]. This may suggest a role of estrogen in the immune response to many physical and psychological illnesses. However, plausible mechanisms by which estrogen modulates the host defense system remain to be elucidated. Another possible explanation for the gender difference in the present study is the relatively smaller sample size of men (n
= 86) compared with women (n
= 256). According to the National Health and Nutrition Examination Survey (NHANES) data from 1999–2002, blood mercury levels in females are higher in Asians than in Europeans [45
]. According to a cross-sectional study on the Korean general population, the mean concentration of total mercury was 2.92 μg/L, and was significantly higher in males (3.11 μg/L) than in females (2.77 μg/L) [46
]. Blood mercury in Korean subjects was 3.7–5 times higher than in Germans (0.58 μg/L), Americans (0.70 μg/L), and Canadians (0.79 μg/L) [47
]. Thus, further investigation is needed to clarify the gender differences in the distribution of and susceptibility to mercury intoxication and depression.
The baseline demographic and lifestyle characteristics of our subjects showed significant relationships with a blood mercury level (Table 1
). The highest quintile of blood mercury level was associated with older age, obesity, being married, heavy drinking, and higher economic status. Several studies have reported positive associations between blood mercury and obesity among Korean adults [50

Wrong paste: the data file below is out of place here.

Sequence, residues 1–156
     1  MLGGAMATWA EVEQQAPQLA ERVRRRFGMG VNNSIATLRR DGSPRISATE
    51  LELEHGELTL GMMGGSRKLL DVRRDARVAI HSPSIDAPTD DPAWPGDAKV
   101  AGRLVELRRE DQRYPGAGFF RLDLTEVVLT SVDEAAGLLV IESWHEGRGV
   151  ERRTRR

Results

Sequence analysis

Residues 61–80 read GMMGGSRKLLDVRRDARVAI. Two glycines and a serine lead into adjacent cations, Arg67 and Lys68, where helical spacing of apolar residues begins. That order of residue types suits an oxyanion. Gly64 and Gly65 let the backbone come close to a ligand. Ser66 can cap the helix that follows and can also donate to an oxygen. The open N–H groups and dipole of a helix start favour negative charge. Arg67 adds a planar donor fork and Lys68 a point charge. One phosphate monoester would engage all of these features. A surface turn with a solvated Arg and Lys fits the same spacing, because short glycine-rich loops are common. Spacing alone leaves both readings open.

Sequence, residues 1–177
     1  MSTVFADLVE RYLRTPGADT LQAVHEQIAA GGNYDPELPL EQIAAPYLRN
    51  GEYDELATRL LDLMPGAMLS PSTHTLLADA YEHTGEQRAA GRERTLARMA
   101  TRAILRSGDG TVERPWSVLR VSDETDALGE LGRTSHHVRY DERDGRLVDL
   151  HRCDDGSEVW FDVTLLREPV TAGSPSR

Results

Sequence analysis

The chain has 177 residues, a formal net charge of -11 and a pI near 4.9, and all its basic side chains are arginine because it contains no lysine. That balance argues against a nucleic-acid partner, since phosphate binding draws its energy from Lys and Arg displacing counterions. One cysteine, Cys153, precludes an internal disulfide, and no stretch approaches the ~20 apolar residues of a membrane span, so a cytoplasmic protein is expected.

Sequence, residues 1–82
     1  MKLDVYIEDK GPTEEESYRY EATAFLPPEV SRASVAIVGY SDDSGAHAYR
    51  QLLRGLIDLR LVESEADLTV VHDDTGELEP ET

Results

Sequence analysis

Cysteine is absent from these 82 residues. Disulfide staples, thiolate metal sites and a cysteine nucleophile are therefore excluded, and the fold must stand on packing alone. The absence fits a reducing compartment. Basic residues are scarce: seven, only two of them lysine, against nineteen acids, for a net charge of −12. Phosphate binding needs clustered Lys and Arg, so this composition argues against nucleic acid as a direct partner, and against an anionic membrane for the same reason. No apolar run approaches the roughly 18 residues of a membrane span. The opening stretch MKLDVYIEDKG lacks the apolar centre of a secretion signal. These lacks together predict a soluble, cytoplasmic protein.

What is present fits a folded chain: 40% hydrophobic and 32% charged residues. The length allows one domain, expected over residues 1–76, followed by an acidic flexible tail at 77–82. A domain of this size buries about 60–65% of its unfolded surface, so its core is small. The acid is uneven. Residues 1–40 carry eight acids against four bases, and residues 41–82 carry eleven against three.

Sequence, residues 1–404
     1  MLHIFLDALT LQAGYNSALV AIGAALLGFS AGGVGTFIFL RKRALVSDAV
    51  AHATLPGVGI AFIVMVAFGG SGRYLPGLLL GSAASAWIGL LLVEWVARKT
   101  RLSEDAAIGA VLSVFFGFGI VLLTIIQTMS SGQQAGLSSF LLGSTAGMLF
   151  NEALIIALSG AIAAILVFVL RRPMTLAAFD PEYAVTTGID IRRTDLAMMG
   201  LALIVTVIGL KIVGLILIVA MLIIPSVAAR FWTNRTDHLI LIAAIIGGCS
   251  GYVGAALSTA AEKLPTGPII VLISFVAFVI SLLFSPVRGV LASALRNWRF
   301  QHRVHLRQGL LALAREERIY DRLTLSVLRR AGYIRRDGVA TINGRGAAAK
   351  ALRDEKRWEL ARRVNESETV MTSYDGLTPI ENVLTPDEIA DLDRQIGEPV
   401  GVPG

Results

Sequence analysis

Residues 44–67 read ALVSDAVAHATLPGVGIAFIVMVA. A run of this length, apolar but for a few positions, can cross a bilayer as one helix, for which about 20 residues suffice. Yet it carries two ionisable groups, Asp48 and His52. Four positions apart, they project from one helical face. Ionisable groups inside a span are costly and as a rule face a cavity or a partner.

]. Similarly, higher socio-economic status was associated with higher mercury levels due to the participants’ ability to buy expensive predatory fish such as sharks, tuna, and billfish that contain higher levels of mercury [54
]. In our study, increased consumption of white fish, fatty fish such as mackerel, tuna, croaker, and pollack, shellfish and sea food showed high mercury levels among Koreans. Correspondingly, high mercury concentrations have been reported in deep-sea fish such as sharks, tuna, swordfish, smooth hammerheads, crocodile sharks, and shellfish [55
No previous studies have been reported on the relationship of mercury with fish intake and risk of depression in humans. According to the Korea Food and Drug Administration (KFDA), the total mercury concentration in fish/shellfish and deep-sea fish should be below 0.5 ppm and 1 ppm, respectively [55
]. The Stony Brook Medical Center in New York reported that consumption of high-mercury deep-sea fish such as shark, marlin, swordfish, mackerel, tuna, and tile fish was associated with development of fatigue and depressive symptoms [56
]. The results of our stratified analysis showed that the association between blood mercury and depression was predominant at the lowest tertile of fish consumption in females. According to KNHANES 2013–2015, consumption of fish greater than four times per week was associated with lower odds of depression among Korean women [57